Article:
Wednesday, 1 April 2015

Z Controller Software

I've not really written any PC software since I quit my job a year ago and I've quite enjoyed making this little program for the Z controller. I'm pretty much at the final revision so I thought I would describe some of the features.

Firstly and most importantly the software is able to detect the presence of the Z controller. The Z controller is an arduino nano, this means it has a USB to serial chip on it and it can be plugged and unplugged at any point. The PC controller detects removal and arrival of USB devices and uses those notifications to check that the controller is still attached. It gets a list of current serial ports and attempts to open them all one at a time, if successful it pings the device with a "?".  If the Z controller is on the other end of the port it replies with "Z Controller" and the PC knows it has found the device. The status is updated in the square at the top which show green/pink for connected/disconnected but it also gives a tool tip text response too.

The interface was intended to be very straight forward, there are 6 buttons, vertically aligned. The numbers represent how many millimetres the Z axis will move when the button is clicked, the top 3 move the bed upwards, the bottom 3 move the z axis down. This is similar to the way the 3D printers work and inspired by the pronterface controls.

Because this is really going to be used to drop the z axis by a specified amount between cutting layers (allowing for n passes of a thick sheet of material) I added a text box on the bottom which you can enter a specific value in to. The value is parsed to make sure it is a numeric value, again with pink/green qualifiers. The actual value is sent to the controller when you click the Green +Z and -Z arrows.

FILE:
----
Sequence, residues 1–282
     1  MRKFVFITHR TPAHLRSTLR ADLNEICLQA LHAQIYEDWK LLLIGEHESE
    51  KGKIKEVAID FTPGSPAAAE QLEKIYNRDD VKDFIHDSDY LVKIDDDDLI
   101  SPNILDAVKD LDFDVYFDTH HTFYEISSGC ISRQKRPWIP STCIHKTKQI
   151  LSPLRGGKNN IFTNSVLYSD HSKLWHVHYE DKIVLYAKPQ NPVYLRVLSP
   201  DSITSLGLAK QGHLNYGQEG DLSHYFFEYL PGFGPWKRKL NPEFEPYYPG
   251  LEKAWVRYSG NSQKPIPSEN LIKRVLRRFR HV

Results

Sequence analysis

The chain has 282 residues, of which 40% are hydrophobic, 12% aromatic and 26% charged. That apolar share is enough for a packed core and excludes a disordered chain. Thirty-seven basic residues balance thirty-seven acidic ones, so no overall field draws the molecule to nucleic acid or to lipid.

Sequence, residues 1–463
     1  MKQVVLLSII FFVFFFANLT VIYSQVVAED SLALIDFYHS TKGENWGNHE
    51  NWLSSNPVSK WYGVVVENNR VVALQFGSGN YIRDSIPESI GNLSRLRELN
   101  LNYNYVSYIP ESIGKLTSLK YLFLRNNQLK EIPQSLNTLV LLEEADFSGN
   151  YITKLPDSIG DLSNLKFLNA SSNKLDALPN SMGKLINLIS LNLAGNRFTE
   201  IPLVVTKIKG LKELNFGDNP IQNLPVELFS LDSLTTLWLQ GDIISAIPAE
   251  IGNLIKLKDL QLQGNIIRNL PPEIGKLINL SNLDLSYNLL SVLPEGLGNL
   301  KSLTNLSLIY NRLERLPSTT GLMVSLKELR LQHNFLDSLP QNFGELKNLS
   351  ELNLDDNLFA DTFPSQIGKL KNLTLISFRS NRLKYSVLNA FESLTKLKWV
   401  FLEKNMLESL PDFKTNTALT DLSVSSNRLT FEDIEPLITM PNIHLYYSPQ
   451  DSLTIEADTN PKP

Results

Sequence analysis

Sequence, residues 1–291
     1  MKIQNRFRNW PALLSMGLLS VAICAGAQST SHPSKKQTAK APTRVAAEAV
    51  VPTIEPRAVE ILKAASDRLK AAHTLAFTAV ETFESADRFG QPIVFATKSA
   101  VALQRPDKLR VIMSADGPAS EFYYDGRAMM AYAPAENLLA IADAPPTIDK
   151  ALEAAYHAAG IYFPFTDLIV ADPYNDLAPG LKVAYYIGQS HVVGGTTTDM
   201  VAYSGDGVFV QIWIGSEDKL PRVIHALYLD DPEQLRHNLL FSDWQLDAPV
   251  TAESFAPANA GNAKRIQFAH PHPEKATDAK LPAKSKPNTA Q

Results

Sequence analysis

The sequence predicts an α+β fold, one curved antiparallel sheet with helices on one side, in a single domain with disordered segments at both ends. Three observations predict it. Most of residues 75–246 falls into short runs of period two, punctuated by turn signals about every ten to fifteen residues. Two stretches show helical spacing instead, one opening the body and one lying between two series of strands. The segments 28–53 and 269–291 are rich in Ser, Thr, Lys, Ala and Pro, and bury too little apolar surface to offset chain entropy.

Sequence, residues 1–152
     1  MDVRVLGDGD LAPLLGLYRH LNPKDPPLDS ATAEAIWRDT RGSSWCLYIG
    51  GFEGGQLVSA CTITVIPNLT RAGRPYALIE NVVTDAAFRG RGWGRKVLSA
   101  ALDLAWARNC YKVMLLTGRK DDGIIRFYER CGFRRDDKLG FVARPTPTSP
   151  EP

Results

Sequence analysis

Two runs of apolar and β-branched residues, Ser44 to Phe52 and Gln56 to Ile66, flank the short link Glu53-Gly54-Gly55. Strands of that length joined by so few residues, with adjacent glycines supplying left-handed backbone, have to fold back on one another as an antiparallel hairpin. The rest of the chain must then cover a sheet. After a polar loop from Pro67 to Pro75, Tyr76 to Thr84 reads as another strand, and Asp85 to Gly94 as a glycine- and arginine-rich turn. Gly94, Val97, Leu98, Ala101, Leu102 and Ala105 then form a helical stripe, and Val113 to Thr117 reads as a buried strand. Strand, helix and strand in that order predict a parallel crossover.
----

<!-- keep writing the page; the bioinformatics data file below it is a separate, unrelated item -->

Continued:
So if you want the Z axis to drop 2.5mm change the value in the text box and click the down arrow.
The User Interface is designed to be skinny and unobtrusive so it can sit on the computer and not get in the way of Lasercut or CAD package. This means the program can't have a header like a normal window (but it still appears on the taskbar). 

When you hover over the middle white button the cursor changes to arrows, if you click and drag this button you can move the form around to wherever you want it. When you release the button the form stays in that location and it remembers where you left it when the program closes.

A menu system pops up when you right click the middle button, this allows you to close the program but also decide whether the program should be displayed above all the other programs. This means it can stay on top of Lasercut even when Lasercut is running full size. The program also remembers this option when the program closes.